**Genesco**(NYSE:GCO) is currently trading at $68.91 per share. The company's volume for the morning is 67,843 shares. This is 0.3 times its current daily average. When a stock price moves up or down, watching the volume is a good way of identifying how significant that shift is. Valuation ratios include the price to earnings (P/E) ratio, the price to earnings growth (PEG) ratio, the price to sales (P/S) ratio, the price to book (P/B) ratio, and the dividend yield. The capitalization ratio is calculated by dividing long-term debt by the sum of long-term debt and shareholders' equity. GCO has a fairly low capitalization ratio of 11.4%. Low leverage is a significant balance sheet strength, a sign of a less risky investment. A low level of debt and a healthy proportion of equity in a company's capital structure is an indication of financial fitness.

**Strayer Education**(Nasdaq:STRA) has increased to a share price of $69.49, a 2.2% rise. So far today, 54,578 shares have changed hands, with trading activity in keeping with yesterday's. High volume indicates a lot of investor interest while low volume indicates the opposite. While investment valuation ratios are useful tools in estimating the attractiveness of an investment, remember that it is important to look at a company's historical performance and compare the company ratios with its competitors and industry overall. The price/earnings to growth (PEG) ratio compares a company's P/E ratio to its earnings-per-share growth rate, which tells you whether or not you are getting a good value when purchasing a stock with a high price/earnings ratio (P/E ratio). STRA has a PEG ratio of 1.33. While P/E ratios are important indicators of market value, a high P/E in and of itself is not bad because it may indicate a company whose earnings are growing very rapidly, so many investors look at the PEG ratio in order to get an idea of whether or not a particular P/E ratio is justified by underlying earnings growth.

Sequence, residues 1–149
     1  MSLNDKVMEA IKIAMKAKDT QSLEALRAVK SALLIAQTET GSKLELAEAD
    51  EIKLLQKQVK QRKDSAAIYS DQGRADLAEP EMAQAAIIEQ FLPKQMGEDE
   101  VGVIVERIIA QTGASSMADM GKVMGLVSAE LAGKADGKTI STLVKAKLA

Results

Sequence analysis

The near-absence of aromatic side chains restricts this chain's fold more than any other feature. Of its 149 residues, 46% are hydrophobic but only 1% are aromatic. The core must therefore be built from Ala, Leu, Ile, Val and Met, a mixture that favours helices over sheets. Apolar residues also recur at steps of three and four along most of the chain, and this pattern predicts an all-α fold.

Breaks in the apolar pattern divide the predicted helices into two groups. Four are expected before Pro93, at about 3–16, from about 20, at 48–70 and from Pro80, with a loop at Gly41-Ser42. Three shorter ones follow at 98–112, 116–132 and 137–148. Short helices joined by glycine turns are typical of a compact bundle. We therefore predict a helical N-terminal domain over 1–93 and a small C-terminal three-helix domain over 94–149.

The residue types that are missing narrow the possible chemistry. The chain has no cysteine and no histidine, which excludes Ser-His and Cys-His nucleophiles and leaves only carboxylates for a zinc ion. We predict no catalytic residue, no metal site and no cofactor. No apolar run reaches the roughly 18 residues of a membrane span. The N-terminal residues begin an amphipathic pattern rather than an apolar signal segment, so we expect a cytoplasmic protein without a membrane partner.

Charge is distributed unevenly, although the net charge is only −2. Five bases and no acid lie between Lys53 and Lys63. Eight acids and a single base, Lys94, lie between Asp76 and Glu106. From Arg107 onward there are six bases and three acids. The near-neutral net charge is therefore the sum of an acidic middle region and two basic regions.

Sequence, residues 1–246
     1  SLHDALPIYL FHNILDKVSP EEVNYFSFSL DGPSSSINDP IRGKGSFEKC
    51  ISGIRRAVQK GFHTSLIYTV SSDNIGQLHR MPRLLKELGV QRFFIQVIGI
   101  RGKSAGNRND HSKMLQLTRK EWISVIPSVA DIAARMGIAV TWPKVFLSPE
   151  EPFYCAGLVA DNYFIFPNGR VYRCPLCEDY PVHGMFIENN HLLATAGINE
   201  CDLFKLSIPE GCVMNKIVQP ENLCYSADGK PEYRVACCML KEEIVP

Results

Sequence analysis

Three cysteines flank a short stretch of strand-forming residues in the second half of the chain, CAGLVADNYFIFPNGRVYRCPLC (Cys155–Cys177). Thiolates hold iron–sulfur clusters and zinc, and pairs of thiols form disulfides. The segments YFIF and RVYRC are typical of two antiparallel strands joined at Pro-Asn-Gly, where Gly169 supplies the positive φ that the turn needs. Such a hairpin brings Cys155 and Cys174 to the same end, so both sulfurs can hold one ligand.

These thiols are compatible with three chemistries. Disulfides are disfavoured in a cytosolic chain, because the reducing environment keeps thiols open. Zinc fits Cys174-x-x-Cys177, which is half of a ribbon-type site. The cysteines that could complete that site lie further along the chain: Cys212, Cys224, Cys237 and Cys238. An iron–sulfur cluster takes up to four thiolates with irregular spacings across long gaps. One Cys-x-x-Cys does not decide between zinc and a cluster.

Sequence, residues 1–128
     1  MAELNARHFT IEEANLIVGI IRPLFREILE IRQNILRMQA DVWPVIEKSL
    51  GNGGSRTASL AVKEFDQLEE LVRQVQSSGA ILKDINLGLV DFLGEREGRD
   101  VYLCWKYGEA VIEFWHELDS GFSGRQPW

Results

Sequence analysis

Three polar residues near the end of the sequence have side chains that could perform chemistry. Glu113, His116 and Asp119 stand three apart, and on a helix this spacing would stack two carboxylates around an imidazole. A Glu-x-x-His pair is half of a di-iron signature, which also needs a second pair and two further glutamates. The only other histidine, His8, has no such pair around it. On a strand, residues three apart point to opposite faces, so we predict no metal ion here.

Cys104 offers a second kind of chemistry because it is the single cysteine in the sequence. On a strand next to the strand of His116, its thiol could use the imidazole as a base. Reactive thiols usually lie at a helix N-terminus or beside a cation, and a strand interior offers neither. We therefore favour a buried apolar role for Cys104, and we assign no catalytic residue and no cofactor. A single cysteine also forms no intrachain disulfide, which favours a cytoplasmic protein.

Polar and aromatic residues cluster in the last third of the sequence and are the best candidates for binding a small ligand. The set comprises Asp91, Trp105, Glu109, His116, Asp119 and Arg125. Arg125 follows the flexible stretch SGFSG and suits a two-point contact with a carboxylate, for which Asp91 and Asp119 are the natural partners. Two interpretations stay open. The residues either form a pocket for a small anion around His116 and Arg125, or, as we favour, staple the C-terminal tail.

**The Bottom Line**The nature of the market is such that stocks will have good days and bad days. Paying close attention to the previous ratios will help you identify key times to adjust your strategy. Tools like valuation ratios and profit margins, however, are only as useful as the context you put them in; remember to take historical data and competitor performance into account.